The Obama administration can’t take the heat. Stung by Israeli Prime Minister Benjamin Netanyahu’s reaction to the so-called “deal” made with Iran, President Obama has asked the Israeli leader to “take a breather from his clamorous criticism,” according to the Washington Post’s David Ignatius.
Netanyahu’s anger is justified. Despite the ostensible reality that Israel is America’s staunchest Middle East ally, the Obama administration was engaged in six months of secret, high-level talks with Israel’s foremost enemy. Obama informed Netanyahu of this reality on September 30. And while he seemingly took Obama’s announcement in stride, a day later the Israeli Prime Minister delivered a blistering speech to the UN General Assembly, calling Iranian President Hasan Rouhani a “wolf in sheep’s clothing” looking to exploit this latest diplomatic effort to advance his nation’s nuclear weapons agenda. He also made it clear where his nation stood on the issue. “I want there to be no confusion on this point. Israel will not allow Iran to get nuclear weapons,” he insisted. “If Israel is forced to stand alone, Israel will stand alone.”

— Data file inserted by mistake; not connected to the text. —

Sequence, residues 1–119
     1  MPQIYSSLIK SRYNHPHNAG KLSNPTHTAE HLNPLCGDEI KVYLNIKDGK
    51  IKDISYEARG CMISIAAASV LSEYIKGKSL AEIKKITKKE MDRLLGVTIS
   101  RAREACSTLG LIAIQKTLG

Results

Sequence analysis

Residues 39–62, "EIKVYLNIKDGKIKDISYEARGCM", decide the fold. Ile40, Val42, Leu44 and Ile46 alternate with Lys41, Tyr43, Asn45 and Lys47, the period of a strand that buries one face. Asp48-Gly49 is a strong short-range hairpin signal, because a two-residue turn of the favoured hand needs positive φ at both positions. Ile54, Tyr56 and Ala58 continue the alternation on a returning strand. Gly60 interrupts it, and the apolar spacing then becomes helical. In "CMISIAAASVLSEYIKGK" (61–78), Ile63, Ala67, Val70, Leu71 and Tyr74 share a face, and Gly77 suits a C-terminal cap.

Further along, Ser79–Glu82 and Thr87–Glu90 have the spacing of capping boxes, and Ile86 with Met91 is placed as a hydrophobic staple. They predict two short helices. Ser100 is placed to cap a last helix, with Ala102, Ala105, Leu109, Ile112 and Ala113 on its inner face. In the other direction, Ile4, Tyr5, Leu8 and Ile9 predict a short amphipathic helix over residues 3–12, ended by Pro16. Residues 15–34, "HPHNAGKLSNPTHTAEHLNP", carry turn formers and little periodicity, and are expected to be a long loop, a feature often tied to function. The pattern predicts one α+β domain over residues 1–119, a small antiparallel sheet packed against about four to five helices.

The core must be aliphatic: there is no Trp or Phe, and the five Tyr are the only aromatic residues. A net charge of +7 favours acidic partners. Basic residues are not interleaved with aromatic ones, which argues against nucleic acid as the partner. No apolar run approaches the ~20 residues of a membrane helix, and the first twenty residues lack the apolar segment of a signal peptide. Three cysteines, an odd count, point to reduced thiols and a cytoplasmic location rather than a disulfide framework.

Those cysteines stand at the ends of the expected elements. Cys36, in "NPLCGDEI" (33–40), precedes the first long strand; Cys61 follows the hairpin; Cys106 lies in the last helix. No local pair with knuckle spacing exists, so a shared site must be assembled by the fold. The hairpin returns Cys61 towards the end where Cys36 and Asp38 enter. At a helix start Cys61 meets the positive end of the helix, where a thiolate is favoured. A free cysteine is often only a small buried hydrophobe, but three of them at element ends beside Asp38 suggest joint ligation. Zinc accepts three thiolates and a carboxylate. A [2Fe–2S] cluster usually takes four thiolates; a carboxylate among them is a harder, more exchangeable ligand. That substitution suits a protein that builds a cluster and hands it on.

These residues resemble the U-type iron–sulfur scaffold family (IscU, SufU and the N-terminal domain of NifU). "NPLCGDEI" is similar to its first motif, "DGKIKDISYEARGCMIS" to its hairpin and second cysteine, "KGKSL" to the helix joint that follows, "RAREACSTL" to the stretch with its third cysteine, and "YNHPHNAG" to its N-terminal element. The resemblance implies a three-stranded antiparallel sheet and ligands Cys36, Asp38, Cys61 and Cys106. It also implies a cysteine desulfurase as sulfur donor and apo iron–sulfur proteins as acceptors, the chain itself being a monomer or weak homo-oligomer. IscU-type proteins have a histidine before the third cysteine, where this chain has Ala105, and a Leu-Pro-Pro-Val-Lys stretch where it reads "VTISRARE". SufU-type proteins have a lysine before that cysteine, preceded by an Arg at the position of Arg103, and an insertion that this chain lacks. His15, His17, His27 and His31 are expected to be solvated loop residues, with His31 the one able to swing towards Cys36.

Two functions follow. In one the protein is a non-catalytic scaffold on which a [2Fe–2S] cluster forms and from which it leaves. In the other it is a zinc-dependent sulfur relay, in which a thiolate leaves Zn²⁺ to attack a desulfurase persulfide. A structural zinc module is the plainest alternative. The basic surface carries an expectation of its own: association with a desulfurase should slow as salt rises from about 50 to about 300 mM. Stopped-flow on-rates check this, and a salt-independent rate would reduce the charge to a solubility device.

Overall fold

In the following weeks, there was no let up by Netanyahu and other Israeli officials, and on November 24 Obama phoned the Prime Minister in an effort assuage his concerns. The two leaders agreed to have an Israeli delegation, headed by National Security Adviser Yossi Cohen, ensconced in Washington, D.C. to iron out a deal that keeps Israel in the loop going forward. Obama also assured Netanyahu the both nations were on the same page with regard Iranian policy goals. It was during that phone call that Obama reportedly asked Netanyahu to tone down his rhetoric.
By last Thursday, it became apparent that while Netanyahu might shift his criticism away from the deal itself, he was not about to keep quiet. “The largest darkness that threatens the world today is a nuclear Iran,” the Times of Israel quoted Netanyahu as saying. “We are bound to do all we can to prevent this darkness. If possible, we will do this diplomatically. If not, we will act as a light unto the nations.”